• -The diagnosis—whether the reaction was allergic or non-allergic

    • -The drug name and a description of the reaction (see figure)

    • -The investigations used to confirm or exclude the diagnosis

    • -Drugs or drug classes to avoid in the future

    • -Any safe alternative drugs that may be used.

  • [Based on moderate quality evidence from qualitative studies and the experience and opinion of the GDG]

Referral to specialist services

This should enable either confirmation or exclusion of the drug allergy. Exclusion will allow the patient to have the same and related drugs in the future. It is not appropriate to refer all patients with a label of drug allergy because this would be costly and would overwhelm specialist drug allergy services. Therefore the GDG made the following recommendations relating to the causes of suspected allergy to drugs that most commonly lead to a referral to specialist drug allergy services.

General

  • Refer people to a specialist drug allergy service if they have had:

    • -A suspected anaphylactic reaction (also see NICE guideline on anaphylaxis5) or

    • -A severe non-immediate cutaneous reaction (such as drug reaction with eosinophilia and systemic symptoms (DRESS), Stevens-Johnson syndrome, or toxic epidermal necrolysis).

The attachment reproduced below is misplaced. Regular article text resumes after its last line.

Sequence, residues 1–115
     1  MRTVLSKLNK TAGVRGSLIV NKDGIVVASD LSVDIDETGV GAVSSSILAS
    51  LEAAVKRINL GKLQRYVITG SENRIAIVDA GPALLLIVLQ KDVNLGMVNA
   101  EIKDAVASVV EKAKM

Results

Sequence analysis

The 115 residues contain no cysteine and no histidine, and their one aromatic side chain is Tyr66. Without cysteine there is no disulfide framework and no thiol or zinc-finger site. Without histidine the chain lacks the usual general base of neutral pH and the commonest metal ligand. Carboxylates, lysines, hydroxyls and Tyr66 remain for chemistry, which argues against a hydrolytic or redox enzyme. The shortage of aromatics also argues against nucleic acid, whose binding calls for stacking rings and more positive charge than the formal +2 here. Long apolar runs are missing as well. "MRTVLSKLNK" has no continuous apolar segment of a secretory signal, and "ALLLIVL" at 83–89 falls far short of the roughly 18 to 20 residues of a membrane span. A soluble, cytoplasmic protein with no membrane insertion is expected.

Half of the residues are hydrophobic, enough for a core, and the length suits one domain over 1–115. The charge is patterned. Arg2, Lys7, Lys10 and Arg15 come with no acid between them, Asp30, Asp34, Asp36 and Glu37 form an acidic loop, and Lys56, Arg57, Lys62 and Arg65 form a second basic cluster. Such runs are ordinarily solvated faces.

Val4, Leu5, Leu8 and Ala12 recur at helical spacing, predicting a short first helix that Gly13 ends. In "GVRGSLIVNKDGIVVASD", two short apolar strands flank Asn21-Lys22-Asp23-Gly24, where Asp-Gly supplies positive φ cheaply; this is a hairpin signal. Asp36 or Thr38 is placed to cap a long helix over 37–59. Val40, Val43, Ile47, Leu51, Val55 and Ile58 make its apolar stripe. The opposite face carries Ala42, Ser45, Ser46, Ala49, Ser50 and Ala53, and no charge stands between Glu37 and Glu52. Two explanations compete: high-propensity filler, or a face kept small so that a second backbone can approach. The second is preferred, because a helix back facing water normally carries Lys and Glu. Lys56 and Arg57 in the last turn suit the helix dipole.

• [Based on previous NICE guidance and the experience and opinion of the GDG]

β lactam antibiotics

  • Refer people with a suspected allergy to β lactam antibiotics to a specialist drug allergy service if they:

    • -Need treatment for a disease or condition that can be treated only by a β lactam antibiotic or

    • -Are likely to need β lactam antibiotics often in the future (for example, people with recurrent bacterial infections or immune deficiency).

  • [Based on cost effectiveness scenarios calculating the potential costs of referral to specialist services or non-specialist management, and the experience and opinion of the GDG]

Non-steroidal anti-inflammatory drugs

  • Refer people who need treatment with an NSAID to a specialist drug allergy service if they have had a suspected allergic reaction to an NSAID with symptoms such as anaphylaxis, severe angio-oedema, or an asthmatic reaction.

  • [Based on cost effectiveness scenarios calculating the potential costs of either referral to specialist services or non-specialist management, and the experience and opinion of the GDG]

Local anaesthesia

  • Refer people to a specialist drug allergy service if they need a procedure involving a local anaesthetic that they are unable to have because of suspected allergy to local anaesthetics.

  • [Based on the experience and opinion of the GDG]

General anaesthesia

  • Refer people who have had anaphylaxis or another suspected allergic reaction during or immediately after general anaesthesia to a specialist drug allergy service.